6. 6. Spatial Indexing Purposes of Spatial Index Structure Should speed-up the most typical spatial queries Should not take up too much space Should efficiently support modifications Assumptions Spatial query only covers small part of the “world” Spatial data is queried more often then modified Note Indexing necessary to make queries run faster Hashing does not work well for spatial data types You can index spatial data using conventional (B+-tree) indexes It is often slow! Will see how can be used with space-filling curves Kristian Torp (Aalborg University) Spatial Indexing November 19, 2015 6 / 54
  7. 7. Overview of Spatial Indexing Techniques Techniques Space-filling curves (a set of approaches) Old wine, recycled bottles R-trees (a large family of index structures) A generalization of the B+ -tree Quadtrees (a family of index structures) Old wine, new bottles Other Domains Image processing, e.g., medical and biometrics Image recognition, e.g., letters and books Gaming, e.g., for the terrain, buildings, and roads Chip design, e.g., integrated circuits, think AMD, ARM, and Intel Kristian Torp (Aalborg University) Spatial Indexing November 19, 2015 7 / 54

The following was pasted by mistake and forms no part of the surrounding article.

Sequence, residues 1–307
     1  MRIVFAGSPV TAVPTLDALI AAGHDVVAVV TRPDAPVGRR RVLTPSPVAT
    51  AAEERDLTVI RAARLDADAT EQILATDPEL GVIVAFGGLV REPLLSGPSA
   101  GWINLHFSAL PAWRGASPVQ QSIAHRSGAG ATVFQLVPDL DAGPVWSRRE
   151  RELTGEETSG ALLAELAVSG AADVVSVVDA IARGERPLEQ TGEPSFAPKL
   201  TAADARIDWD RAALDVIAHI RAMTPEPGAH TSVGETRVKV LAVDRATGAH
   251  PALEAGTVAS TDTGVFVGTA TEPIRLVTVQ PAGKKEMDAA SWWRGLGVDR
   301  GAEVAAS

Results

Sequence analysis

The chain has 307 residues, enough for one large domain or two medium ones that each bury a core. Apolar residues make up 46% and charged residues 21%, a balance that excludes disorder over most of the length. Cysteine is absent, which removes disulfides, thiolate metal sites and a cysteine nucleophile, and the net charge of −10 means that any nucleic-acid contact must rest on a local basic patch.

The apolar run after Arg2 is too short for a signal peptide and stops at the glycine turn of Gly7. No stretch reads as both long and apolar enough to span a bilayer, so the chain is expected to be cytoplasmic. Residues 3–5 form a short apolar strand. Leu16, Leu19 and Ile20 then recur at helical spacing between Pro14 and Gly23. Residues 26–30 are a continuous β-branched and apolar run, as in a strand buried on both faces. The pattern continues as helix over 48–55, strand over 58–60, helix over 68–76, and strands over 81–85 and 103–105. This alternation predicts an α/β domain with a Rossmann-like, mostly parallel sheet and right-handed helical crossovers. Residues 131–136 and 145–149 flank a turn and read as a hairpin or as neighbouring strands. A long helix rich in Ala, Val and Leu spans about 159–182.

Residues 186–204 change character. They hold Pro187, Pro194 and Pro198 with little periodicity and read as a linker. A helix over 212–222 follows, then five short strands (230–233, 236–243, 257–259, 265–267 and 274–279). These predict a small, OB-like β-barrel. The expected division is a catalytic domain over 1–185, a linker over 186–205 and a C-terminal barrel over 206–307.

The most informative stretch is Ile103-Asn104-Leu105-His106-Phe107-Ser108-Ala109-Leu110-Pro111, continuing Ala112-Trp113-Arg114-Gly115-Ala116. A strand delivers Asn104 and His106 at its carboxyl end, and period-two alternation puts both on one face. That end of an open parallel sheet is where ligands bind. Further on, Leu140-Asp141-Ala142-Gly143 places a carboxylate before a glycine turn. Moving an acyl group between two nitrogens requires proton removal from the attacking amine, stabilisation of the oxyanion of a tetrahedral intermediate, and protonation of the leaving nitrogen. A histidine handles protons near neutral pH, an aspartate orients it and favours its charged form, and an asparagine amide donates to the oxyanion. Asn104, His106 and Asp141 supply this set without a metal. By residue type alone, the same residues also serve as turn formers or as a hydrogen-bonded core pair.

8. 8. Create Spatial Index Example (Table with Spatial Data Column) create table landscape ( geo name varchar (20) primary key , geo geometry not n u l l ) ; Example (Create B+ -tree Index on PostgreSQL) create index landscape geo name on landscape ( geo name ) ; Example (Create R-tree Index on PostgreSQL) create index landscape geo on landscape using g i s t ( geo ) ; Note GIST = Generalized Search Trees = R-tree = spatial index From SQL interface not a big think! Kristian Torp (Aalborg University) Spatial Indexing November 19, 2015 8 / 54